3), 4) and 5) I wouldn't. See 1 and 2.

6) It looks like there is a rib or ribs under the tub's floor. I don't think you could get any mortar under there without raising the tub, and I don't think you really want to do that. I think it'll be fine.
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Unread 02-10-2010, 04:38 PM   #8
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Thanks Bob, points noted!

I may add some bracing between the frame work just for good measure...

The tub definately has its own feet and ribs on the bottom so I have no intention of lifting it...

In my many hours of online research I found out about Kerdi membrane (remember I'm still a bit of a newbie ), and it says it can be applied right over drywall...

1. What do you think about this for the 2 walls that form the backsplash area?
Instead of cutting out drywall and replacing with backerboard I could use the Kerdi up the wall 16" from the top edge of the tub and then tile up the same 16" flush with the top of edge of the Kerdi, I could then finish the top edge of the tile with an aluminum trim strip or even a nice trim tile.....

2. If the above is possible, can I still use a flange kit for the tub?

3. Can the Kerdi membrane be applied over the plywood sheet on the tub box?
I wasn't sure if this stuff can go over wood or not....

The little bit of tile that I have laid in the past was over a cement floor in a basement so these scenarios are new to me.

I learn fast and I'm open to any suggestions, methods and techniques!
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Unread 02-10-2010, 05:36 PM   #9
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6 - Place 100 soft pounds in the shower (2 bags of thinset works well) and get a blue can of expanding foam for under that tub. Take the bags out 24 hours later.

1- I would stop the kerdi 1 or 2 inches shy of the tile and let the tile overlap, giving a nicer edge.

3- No to the plywood. While drywall is spec'd< i would use CBU.
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Unread 02-10-2010, 09:02 PM   #10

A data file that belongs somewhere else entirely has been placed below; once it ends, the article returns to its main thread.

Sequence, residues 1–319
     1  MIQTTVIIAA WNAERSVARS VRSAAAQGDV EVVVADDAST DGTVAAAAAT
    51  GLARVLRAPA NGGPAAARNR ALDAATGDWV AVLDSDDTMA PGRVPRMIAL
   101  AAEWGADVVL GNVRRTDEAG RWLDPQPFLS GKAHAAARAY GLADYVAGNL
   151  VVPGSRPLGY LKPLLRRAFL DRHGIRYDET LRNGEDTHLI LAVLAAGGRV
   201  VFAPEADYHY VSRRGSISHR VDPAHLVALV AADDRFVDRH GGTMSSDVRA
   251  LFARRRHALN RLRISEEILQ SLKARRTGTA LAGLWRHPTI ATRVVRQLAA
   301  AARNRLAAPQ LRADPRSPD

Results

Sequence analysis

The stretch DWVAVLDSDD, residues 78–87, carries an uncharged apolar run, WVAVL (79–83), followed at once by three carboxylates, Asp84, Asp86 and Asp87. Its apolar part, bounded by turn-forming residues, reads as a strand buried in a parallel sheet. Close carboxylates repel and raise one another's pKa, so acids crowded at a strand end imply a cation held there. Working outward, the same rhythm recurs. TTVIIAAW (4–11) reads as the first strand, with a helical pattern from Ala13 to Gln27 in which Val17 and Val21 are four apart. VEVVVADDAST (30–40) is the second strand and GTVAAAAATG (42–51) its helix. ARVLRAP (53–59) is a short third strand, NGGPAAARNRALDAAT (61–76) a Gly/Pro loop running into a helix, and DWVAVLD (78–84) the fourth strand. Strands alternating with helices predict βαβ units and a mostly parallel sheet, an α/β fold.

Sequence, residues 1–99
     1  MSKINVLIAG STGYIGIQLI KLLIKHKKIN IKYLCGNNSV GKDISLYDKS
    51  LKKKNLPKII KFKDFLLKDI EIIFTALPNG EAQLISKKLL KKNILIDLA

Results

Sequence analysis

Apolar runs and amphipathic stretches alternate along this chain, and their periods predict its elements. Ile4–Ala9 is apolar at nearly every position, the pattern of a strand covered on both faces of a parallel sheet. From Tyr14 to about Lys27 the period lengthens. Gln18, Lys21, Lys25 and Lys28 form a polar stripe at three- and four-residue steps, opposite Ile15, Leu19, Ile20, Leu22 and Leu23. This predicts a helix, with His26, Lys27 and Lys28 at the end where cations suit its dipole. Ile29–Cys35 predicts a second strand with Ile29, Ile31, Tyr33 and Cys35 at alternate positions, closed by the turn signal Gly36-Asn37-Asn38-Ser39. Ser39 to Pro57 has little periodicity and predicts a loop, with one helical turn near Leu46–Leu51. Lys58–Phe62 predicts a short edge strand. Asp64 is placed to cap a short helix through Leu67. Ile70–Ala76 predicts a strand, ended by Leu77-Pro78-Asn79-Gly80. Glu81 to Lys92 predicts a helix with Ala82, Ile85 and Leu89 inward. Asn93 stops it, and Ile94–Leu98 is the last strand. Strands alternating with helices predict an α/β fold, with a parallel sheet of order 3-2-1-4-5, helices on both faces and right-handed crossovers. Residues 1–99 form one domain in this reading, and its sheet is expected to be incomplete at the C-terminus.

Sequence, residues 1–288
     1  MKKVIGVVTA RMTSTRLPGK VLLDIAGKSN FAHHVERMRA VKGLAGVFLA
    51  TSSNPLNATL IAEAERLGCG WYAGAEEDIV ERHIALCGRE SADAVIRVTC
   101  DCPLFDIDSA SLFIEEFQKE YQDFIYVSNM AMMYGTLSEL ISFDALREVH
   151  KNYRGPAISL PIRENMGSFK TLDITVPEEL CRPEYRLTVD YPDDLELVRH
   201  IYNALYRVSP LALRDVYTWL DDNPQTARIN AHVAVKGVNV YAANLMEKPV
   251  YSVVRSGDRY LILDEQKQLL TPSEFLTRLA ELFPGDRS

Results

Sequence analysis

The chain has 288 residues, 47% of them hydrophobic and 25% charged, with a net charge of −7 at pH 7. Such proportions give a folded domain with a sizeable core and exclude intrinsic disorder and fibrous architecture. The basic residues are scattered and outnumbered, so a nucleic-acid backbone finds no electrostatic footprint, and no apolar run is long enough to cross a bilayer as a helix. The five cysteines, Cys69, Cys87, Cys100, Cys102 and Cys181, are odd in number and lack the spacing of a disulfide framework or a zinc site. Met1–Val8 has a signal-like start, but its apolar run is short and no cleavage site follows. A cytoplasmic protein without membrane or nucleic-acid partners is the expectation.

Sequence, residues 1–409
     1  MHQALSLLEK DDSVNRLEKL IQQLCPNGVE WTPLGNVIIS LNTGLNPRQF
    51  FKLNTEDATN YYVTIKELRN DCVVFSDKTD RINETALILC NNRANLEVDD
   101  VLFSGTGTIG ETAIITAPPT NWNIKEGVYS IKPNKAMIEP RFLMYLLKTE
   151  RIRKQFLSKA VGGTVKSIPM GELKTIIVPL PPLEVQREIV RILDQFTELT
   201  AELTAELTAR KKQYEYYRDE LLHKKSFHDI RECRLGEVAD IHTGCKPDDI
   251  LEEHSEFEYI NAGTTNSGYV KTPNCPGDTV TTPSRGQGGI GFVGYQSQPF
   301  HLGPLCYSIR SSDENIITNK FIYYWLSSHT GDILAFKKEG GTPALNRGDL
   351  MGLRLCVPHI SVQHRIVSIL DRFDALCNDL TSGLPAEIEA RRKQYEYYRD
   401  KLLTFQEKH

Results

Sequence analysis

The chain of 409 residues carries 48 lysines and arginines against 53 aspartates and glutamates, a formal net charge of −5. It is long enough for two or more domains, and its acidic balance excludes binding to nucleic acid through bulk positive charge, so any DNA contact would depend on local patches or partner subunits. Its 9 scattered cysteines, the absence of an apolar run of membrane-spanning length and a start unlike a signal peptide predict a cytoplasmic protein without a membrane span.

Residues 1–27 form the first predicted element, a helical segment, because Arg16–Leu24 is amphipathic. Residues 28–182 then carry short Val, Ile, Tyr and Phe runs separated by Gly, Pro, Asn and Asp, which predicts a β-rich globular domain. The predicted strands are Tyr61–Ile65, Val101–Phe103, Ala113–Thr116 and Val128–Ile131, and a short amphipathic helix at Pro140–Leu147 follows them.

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1. So spray the foam all around the underside of the tub? Any particular brand of foam?
Does this help to reduce possible shifting and give a little more support underneath the tub between the ribs and feet as the foam expands and dries?

2. How thick is the Kerdi?

3. No Kerdi directly over plywood...understood! I will stick with the original plan of removing the plywood sheet from the front face and replace with backerboard.....
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Unread 02-11-2010, 06:13 AM   #11
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1) I think Paul is suggesting Great Stuff in the blue can. This doesn't expand as much the regular version and is used around window and door frames where an high expansion rate may deform the frames and cause sticking. It does remain somewhat soft (website says you can tuck it in if it gets out of place) so I don't know how much support it will offer. If nothing else, it will insulate the bottom of the tub, so your hot water will last longer. If there were a readily available structural foam product in a DIY friendly package, I'd recommend that.

2) Kerdi is about 8 mills thick.

3) OK
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Unread 02-21-2010, 02:46 PM   #12
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I was finally able to get into the house and take a few pictures of the bathroom - these pictures basically represent how the bathroom will be when I move in, the vanity will be installed but I will be able to remove it in order to tile underneath, the toilet will also be installed but thats coming out as well....

You can see in the pictures the backsplash area of the tub - this is drywall that has been painted..